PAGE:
What are Control Limits?
Control limits can be defined as a horizontal line that is drawn above and below the centerline. This line helps us to know whether a process is within or out of the control. Also known as natural process limits, these lines are drawn at a distance of + 3 standard deviations in a plotted statistic.
Application of Control Limits
Control limits can be used as a detector of signals in the data process. This would further indicate that the process is not operating as per predictions. A signal can be defined as a point that exists in a single outside the control limits.
Control limits are generally based on the performance of the process & are considered as a representative of the processed voice. Apart from all these control limits also ensure that the time is not wasted unnecessarily in handling any issues.
Differences Between Control and Specification Limits
Specification limits can be defined as targets that are set for a particular process or a product either by the customer or based on the performance of the market. In other words, it can also be defined as a result that is expected from a particular metric.
Control limits on the other hand help in indicating the changes which occur in the performance of a particular process. Control limits also provide the real-time value.
Control limits can be either UCL OR LCL which is the upper control limit or lower control limit. Similarly, specification limits can be either USL or LSL; upper specification limit and, lower specification limit.
This concept can be explained with the help of the following example.
There is an athlete who wants to take part in the Olympics in a 400-meter race. For guidance, the athlete approaches a coach to help him to win the race. The coach provides all the required information & also shows data about past records. The past records show that the target speed of the winners was 25-30 seconds speed & hence he advises the athlete to run at this speed to win the game. When the athlete starts his practice, he observes that his speed is at the range of 27-35 seconds (There is a 3 sigma deviation from the average performance). As the example shows, control limits help in knowing the differences in the performance.
The control chart is a type of graph which helps to analyze the process change over a period of time. Data in the chart is plotted in the order of time. A control chart always has a central line, an upper control limit and, a lower control limit. With the help of these lines, a comparison can be made with the current data which helps in drawing a conclusion on whether a process is within or out of the control.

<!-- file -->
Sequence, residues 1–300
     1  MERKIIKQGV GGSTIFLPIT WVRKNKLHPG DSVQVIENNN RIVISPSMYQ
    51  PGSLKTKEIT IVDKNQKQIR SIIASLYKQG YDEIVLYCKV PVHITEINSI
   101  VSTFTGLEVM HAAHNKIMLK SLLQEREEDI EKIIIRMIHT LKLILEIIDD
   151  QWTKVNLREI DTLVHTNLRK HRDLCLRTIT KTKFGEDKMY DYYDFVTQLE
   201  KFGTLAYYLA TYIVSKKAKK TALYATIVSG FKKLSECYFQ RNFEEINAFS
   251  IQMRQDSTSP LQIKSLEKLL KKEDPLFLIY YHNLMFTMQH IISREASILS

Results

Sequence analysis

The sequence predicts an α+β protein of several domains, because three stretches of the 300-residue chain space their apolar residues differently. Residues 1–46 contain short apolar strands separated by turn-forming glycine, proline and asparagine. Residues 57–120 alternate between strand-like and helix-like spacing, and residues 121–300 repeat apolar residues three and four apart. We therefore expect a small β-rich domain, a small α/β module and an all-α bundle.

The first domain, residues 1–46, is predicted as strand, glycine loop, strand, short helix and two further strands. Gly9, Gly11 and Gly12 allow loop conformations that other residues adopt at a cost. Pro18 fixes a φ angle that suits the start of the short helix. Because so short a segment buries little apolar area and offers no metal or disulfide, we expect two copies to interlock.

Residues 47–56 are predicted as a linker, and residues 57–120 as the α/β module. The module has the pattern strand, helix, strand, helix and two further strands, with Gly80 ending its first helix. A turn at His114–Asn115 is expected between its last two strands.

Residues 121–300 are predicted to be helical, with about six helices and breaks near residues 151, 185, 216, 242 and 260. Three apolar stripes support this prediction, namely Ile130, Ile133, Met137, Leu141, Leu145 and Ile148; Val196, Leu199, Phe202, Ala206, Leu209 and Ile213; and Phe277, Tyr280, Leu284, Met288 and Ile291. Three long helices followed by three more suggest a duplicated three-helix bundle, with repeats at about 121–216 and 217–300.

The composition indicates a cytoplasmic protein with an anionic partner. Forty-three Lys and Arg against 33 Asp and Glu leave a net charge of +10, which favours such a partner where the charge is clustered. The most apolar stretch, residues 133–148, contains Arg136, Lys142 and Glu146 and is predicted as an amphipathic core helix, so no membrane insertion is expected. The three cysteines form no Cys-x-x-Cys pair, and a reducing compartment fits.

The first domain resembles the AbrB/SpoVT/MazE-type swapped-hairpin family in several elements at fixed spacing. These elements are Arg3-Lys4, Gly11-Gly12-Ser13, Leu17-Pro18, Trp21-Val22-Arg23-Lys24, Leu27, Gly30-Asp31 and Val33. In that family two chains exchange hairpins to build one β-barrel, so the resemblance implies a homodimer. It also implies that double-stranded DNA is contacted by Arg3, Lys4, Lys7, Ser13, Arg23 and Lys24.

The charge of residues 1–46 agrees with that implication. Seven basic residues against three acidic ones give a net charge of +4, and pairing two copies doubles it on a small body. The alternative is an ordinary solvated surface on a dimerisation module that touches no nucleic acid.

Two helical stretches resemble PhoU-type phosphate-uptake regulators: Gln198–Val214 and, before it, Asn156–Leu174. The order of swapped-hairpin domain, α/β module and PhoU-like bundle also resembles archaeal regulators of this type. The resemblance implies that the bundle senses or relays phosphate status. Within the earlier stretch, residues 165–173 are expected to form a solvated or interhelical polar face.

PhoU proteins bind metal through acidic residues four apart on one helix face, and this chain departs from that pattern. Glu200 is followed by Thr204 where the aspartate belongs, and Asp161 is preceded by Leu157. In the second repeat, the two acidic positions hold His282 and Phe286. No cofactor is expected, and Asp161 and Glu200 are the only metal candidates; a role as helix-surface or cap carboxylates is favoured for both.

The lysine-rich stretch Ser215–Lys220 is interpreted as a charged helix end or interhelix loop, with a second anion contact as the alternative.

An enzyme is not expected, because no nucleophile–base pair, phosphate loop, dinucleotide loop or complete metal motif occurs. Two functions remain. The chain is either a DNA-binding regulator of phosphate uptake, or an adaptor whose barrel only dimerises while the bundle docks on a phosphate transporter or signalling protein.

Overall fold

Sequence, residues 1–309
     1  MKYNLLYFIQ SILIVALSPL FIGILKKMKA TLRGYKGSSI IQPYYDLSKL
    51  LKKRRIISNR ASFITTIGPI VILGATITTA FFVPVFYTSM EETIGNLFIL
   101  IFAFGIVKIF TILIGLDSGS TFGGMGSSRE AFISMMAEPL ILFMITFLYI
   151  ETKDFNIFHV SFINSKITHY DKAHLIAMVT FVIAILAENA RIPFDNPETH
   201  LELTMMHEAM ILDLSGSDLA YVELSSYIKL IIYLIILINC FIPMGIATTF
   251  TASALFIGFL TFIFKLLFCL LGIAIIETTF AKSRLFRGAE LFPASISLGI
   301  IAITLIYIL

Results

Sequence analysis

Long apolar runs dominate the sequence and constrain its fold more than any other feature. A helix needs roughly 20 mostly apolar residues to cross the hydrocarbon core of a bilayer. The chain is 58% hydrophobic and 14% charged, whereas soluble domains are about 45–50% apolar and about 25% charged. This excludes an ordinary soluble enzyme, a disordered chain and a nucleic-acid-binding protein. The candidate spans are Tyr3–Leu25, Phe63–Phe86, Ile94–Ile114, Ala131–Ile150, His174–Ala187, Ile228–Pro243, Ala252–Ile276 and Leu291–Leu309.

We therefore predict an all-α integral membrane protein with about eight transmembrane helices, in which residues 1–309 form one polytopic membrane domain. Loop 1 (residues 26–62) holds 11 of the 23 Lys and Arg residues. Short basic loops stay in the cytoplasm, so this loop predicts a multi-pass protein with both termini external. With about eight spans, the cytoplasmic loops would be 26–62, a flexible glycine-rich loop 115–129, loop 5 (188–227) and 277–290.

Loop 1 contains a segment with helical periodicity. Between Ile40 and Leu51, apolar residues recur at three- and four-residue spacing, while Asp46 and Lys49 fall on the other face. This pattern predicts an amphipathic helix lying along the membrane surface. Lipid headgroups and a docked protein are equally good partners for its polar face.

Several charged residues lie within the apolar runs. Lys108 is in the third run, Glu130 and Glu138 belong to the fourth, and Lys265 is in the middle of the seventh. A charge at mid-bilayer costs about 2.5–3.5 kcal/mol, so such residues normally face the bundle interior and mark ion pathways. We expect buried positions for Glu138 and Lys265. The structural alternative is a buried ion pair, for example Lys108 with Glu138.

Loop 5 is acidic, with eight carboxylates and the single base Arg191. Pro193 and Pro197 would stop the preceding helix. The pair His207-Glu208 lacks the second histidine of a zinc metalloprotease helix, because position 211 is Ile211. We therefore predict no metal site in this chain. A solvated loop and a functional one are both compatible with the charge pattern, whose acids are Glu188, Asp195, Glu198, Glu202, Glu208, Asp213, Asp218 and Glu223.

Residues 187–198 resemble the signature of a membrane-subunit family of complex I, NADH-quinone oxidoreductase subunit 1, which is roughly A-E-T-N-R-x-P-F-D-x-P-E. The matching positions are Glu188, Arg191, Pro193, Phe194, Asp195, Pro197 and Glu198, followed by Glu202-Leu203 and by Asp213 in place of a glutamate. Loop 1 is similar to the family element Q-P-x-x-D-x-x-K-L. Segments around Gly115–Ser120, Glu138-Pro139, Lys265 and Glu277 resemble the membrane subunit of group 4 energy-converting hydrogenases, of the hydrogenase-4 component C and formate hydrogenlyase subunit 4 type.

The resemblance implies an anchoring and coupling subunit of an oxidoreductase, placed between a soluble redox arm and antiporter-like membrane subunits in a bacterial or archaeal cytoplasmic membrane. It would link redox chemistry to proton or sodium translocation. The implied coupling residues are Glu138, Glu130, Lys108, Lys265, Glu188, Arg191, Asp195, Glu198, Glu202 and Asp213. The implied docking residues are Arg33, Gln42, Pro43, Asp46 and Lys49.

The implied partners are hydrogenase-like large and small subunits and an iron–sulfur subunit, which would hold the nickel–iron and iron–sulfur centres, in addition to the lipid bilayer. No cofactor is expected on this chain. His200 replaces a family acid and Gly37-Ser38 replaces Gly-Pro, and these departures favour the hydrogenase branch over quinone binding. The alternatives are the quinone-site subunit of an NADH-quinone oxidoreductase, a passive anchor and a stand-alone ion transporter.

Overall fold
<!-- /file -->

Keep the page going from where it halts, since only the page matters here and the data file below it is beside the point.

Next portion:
Circumstances when Control Charts are Used
Control charts are used in the following situations:
- To know the stability of a particular process.
- When patterns of process variation are analyzed either from a special or common cause.
- When deciding whether the quality improvement projects must avoid problems of specific nature or to make any fundamental changes.
- When a prediction is made on the anticipated range of outcomes in a particular process.
Hence on the whole control charts whether everything is fine or if something is wrong. With the help of control charts, one can know the process behavior with the help of its position and scattering.
Features of Control Charts
Following are some of the features of control charts:
- The control chart has a centerline which is nothing but the representation of the value of mean in the control process.
- A control chart usually starts with a time-series graph.
- Upper & lower control limits are calculated with the help of the available information & are usually placed at a distance that is equal to the central line. This can also be called process dispersion.
- A central line called X can be added as a reference for visual which helps in detecting the shifts or trends. This can also be called process location.
Types of Control Charts
Control charts can be divided into three types namely x-bar and range chart, individual x-moving chart & x-bar and, standard deviation chart.
- Xbar and range chart: This is the most widely used chart in statistical process control. This chart is majorly used to monitor the data of a variable in which the samples at intervals regularly. This chart is more beneficial when the size of the sample is very small.
- Individual x-moving range chart: This chart is more suitable in the case where it is not possible to take many readings. This chart is also more suitable in situations where the data is very costly & also when more time is involved in samples.
- Xbar and standard deviation chart: This chart helps us to know the level of variation from the expected value. This chart is more useful for manufacturers, engineers, etc.
Applications of Control Charts
The main purpose of the control chart is that it helps in detecting events that indicates the change in the actual process. Control charts are also beneficial statistically. It helps in identifying any bad changes & also helps in eliminating the cause of that change.
Calculation of Control Limits
Control limits can be calculated by following the three simple steps:
- The first step would be to calculate the standard deviation of the given sample.
- The second step is to multiply the standard deviation value by 3.
- The final step is to add(3*SD to the average) in case of the upper control limit & subtracting the same in case of lower control limit.
Context and Applications
This topic is significant in the professional exams for both undergraduate and graduate courses, especially for
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